In the broadest sense, growth is a natural process that cannot be completely stopped. But how we grow and who it benefits are well within our control. Where we belong shapes our perspective on which community should benefit. But how we belong ultimately determines if we will grow together or apart.
Owners carry a unique burden of shaping the growth of their organization. Certain decisions must be made which only the owner can make. And only the owner can fully bear the consequences of those choices.
And this brings us to a difficult realization. As an owner, you both belong and don’t belong. You belong in your community in a way no other member does. But that also means you can’t belong in the same way as everyone else can.
You have authority, ability, and perspective, and they set you apart. You can experience this belonging and distance simultaneously, and sometimes the emotions they bring are overwhelming. Sometimes the responsibility feels like too much to bear.
It’s another cliche, but it is lonely at the top. The higher the climb, the fewer the people who can share it with you.
Owners can respond to this in many ways. One of the most obvious is to share the financial responsibility of ownership. This can be with financial investors, a governing board, or by creating partners. These all come with benefits and challenges which must be considered for each situation.
But you can also create owners in non-financial ways. Giving your employees a sense of ownership in their area of responsibility is a powerful incentive. It means letting them enjoy the rewards by first feeling the risk.
That opportunity is itself a risk. It makes your people draw on something inside of themselves and bring more to the job. That can have excellent results, but it will inevitably cause failures as well. And those failures are now personal, and personal failures carry with them the fear of being excluded.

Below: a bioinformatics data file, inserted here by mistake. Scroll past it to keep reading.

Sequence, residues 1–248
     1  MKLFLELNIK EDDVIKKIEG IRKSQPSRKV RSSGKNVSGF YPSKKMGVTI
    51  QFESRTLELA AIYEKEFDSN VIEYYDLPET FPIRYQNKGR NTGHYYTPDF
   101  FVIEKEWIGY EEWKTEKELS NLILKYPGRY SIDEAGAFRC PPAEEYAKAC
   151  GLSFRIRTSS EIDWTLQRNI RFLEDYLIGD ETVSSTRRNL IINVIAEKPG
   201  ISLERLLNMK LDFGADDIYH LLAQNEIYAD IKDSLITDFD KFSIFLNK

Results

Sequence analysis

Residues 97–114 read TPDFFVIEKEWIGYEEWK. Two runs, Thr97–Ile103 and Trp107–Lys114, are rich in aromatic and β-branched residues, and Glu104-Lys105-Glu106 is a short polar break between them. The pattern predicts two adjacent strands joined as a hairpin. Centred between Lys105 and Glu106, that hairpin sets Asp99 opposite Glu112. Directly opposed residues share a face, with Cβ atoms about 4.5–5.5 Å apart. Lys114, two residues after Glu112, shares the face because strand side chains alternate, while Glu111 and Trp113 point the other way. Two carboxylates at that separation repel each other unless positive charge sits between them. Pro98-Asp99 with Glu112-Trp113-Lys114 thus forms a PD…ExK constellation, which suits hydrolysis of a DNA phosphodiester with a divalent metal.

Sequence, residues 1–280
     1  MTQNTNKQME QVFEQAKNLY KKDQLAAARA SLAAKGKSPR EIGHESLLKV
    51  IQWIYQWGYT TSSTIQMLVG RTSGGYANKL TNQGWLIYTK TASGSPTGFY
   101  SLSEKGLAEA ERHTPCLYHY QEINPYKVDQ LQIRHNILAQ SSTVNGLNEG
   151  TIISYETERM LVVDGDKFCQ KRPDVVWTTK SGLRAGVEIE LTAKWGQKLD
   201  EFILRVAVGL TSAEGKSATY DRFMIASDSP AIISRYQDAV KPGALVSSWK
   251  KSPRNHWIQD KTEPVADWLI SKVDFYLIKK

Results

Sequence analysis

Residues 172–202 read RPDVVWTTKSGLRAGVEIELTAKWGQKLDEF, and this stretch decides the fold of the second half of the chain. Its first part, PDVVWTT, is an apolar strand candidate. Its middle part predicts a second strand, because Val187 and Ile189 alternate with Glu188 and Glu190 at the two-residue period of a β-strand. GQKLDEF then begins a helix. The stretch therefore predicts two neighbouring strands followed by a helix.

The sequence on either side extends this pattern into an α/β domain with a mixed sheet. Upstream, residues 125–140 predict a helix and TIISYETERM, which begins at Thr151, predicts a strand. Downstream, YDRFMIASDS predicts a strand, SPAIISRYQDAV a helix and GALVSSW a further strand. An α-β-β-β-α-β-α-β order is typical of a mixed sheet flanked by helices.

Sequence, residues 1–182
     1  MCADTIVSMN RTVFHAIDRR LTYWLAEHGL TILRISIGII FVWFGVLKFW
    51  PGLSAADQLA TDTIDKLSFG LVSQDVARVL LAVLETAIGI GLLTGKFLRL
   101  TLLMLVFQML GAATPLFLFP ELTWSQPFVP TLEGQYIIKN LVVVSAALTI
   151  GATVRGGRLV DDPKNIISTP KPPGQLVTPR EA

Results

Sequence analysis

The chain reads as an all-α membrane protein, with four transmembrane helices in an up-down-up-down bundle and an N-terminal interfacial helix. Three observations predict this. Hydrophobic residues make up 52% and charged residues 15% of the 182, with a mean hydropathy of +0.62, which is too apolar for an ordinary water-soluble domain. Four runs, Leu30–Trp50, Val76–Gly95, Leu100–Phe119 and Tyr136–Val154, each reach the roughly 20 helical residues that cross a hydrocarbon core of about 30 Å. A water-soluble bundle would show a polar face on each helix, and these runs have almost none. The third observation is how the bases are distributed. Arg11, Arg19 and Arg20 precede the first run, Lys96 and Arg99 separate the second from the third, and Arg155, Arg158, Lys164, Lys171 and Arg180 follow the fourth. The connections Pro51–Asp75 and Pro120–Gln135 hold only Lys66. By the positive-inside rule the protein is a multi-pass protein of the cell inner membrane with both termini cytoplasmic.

It’s not uncommon for owners to avoid these problems altogether. Some do so by holding themselves apart from their employees. They use money or other incentives to keep their people engaged. But the message to everyone else is clear. You and I don’t belong in the same way. (Read more at RedemptiveLeader.com)
These types of companies can be very successful, and good people can be part of them. In truth, this is what every company must become when it grows past a certain point. We all are owners of such companies when we purchase their stock, and we expect it to increase in value for us, the shareholder.
But there’s no experience of ownership. That is purely a financial transaction. Here, money has been completely substituted for the relationship, and the only question is, “Am I making enough?
But there is another way, and it’s not one or the other. Developing people while making money is the core of every business. And every business is built to benefit multiple communities. The simple decision to grow together creates opportunities for community for those making the same choice.
At MLA, we value the contribution your growth makes to your employee’s lives. Our expertise is finance, and our experience helps us determine and design the right financial system and processes to position your company for growth. But it doesn’t end there.
We also do. We are ready to execute on the changes you need to establish trust in your financial team. And that trust allows you to make decisions about the future with confidence.